4(ish) Days in Rome: Intro & Arrival Day Bonus

February, 2023. We spent a lovely winter in the warmest European destination we could find — the Canary Islands. While technically a part of Spain, the islands are located off the coast of Africa, so they’re much further south than continental Europe and thus much warmer. Our goal was to get out of the cold; the tradeoff was that it’d take us a week minimum to get from the Islands to our next destination — out of the Schengen Zone and into the Balkan region of southeastern Europe. 

It sounds like a ball-buster, but because we’re starting to get a better feel for how to make our between-long-term-stay travel more enjoyable, less stressful, and less exhausting, we planned a two-week driving journey across the continent that included a four-day stay in Rome! Woo-hoo! 

From a certain perspective, our first year in Europe can be viewed as one giant history lesson about the Roman Empire as we sought out ruins in just about every place we stayed. In Portugal we saw Roman temple ruins in Evora. In Croatia we lived just outside Diocletian’s Palace in Split and explored the ruins of the ancient town of Solana (current city of Solin). While in Tuscany, we visited the ruins of Ansedonia, the remains of a former villa in Sirmione, and even watched an opera in a Roman amphitheater in Verona. We especially enjoyed the fantastically underrated Roman ruins in Nimes, France including one of the best-preserved temples of the ancient world and a Roman-era aqueduct at Vers-Pont-du-Gard. And in the UK we visited the site of the ancient town of Vindolanda along Hadrian’s Wall, a ruined villa in Lullingstone, and the remains of several ancient Roman buildings in London and Canterbury.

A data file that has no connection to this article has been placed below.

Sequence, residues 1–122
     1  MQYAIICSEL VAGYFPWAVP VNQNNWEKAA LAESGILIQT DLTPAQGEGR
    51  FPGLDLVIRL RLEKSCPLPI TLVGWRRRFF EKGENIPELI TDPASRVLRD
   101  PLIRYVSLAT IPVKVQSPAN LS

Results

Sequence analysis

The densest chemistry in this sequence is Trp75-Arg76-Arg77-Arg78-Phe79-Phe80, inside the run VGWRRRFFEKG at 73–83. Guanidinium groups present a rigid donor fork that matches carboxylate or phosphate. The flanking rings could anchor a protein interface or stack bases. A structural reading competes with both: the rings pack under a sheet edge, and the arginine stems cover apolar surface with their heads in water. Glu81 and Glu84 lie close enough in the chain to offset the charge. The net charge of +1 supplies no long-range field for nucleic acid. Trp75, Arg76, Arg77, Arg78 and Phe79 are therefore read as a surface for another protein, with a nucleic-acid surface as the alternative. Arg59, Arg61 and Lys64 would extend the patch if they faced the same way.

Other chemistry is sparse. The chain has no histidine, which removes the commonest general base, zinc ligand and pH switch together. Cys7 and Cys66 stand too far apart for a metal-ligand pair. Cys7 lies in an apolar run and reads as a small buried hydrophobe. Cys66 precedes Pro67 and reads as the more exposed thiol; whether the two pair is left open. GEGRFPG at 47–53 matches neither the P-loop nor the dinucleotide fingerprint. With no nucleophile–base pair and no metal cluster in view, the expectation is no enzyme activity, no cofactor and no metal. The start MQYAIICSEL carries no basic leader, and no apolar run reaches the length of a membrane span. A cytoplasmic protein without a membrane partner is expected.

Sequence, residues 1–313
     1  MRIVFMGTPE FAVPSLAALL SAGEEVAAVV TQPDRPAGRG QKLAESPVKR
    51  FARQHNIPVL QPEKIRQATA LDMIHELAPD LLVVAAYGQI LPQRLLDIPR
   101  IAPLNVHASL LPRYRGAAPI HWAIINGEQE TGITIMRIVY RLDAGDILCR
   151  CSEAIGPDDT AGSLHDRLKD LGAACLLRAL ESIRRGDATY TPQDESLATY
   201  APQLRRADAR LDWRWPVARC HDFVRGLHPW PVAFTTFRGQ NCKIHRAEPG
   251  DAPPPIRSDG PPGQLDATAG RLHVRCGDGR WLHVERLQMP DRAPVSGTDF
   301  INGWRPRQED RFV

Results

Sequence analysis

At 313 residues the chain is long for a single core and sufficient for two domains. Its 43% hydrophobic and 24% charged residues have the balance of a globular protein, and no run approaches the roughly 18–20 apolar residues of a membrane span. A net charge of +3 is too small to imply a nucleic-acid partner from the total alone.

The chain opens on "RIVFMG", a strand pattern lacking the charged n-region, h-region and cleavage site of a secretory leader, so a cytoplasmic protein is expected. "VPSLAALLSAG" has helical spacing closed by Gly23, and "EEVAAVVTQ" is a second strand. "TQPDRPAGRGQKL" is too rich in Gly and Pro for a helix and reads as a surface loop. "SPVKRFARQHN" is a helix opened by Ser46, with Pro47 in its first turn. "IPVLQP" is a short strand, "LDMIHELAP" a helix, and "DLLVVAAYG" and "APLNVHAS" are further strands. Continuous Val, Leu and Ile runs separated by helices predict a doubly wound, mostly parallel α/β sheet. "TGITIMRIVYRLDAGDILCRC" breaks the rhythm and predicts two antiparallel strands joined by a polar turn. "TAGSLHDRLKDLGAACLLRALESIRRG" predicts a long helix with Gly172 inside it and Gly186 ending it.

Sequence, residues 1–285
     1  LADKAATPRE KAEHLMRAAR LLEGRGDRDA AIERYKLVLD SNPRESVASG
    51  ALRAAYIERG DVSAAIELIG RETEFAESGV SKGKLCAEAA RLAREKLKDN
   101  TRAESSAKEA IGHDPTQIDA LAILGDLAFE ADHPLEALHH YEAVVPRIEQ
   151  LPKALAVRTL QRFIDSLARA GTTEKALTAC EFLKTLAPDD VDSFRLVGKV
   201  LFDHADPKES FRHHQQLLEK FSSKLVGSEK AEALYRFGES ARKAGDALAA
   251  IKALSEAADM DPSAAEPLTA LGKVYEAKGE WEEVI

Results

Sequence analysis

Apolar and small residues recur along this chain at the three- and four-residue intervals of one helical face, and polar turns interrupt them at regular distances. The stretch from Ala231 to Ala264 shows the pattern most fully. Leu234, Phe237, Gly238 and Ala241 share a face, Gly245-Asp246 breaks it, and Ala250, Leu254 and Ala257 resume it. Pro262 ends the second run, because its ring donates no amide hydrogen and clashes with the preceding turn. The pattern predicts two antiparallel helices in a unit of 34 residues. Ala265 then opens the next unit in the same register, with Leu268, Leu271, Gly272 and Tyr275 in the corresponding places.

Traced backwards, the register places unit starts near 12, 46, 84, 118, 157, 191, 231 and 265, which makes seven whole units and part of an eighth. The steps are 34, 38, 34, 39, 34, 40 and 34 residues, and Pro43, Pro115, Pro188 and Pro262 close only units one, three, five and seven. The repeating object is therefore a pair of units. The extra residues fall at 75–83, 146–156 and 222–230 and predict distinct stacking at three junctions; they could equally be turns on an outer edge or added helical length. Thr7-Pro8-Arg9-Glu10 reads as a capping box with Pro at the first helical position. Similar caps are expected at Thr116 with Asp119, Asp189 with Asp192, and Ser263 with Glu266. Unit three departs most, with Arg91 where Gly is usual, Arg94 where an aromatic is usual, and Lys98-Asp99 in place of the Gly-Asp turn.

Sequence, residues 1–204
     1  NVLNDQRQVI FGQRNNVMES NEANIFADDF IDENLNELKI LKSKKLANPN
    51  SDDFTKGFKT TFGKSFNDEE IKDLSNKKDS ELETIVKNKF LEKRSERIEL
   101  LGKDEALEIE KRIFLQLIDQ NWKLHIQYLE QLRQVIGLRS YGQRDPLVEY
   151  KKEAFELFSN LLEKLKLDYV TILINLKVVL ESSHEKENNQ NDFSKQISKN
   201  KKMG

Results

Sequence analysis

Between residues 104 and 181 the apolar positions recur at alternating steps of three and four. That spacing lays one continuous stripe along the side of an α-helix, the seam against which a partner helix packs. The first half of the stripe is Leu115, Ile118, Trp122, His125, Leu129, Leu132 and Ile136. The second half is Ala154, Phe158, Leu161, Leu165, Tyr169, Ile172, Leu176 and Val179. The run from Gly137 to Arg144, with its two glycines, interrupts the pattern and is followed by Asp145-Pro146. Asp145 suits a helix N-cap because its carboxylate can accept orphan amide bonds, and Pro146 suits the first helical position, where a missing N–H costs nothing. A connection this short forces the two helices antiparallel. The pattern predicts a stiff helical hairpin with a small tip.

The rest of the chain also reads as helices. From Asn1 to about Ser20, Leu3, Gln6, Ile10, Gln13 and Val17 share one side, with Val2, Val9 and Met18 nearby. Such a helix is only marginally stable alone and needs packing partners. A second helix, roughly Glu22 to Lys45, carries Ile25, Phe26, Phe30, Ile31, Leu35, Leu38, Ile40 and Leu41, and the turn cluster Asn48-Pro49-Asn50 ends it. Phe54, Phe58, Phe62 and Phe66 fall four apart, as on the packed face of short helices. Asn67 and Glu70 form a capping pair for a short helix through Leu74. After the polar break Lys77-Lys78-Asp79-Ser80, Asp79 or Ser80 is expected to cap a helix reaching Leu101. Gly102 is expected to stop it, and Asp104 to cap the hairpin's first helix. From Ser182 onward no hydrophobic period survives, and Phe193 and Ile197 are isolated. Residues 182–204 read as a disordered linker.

We’ve all heard the saying “All roads lead to Rome” and now, after seeing so much of the Roman Empire throughout the European continent, we were finally going to see Rome herself! 

As everyone who’s ever read a guidebook or travel blog knows, the city of Rome is enormous and totally chaotic. Roman drivers are insane. Parking doesn’t exist. The city is too expensive and the apartments are too small. These things could all be true to one extent or another, but we avoided the brunt of it by finding an apartment outside the city center along a metro line. It was easy to get to from the highway; there was indeed a reserved parking spot waiting for us upon arrival; the apartment was lovely and pet-friendly (it even had a small garden); and the metro was a short 15-minute walk away. Perfect! With only five nights and four days to explore the city we’d been working toward all year, we couldn’t afford to have anything push us off the program. 

During our lazy winter days on Gran Canaria, we’d put together a Roman itinerary and pre-booked at least one significant outing for each day. We also noted the top things we’d like to fit in where we could — several of Rick Steves’ audio walking tours, additional sights and museums, restaurants for lunch and dinners. Our rough itinerary was as follows: 

Arrival day:  

  • Check into the Airbnb by late afternoon/early evening
  • Do Rick Steves’ Heart of Rome walking tour

1st full day:

  • Morning: Guided tour Colosseum and Forum
  • Afternoon: do one of the RS walking tours?

2nd full day: 

  • Morning: Guided tour of the Vatican and Sistine Chapel
  • Afternoon: do one of the RS walking tours?

3rd full day: 

  • Morning: Borghese gallery
  • Afternoon: do one of the RS walking tours?

4th full day: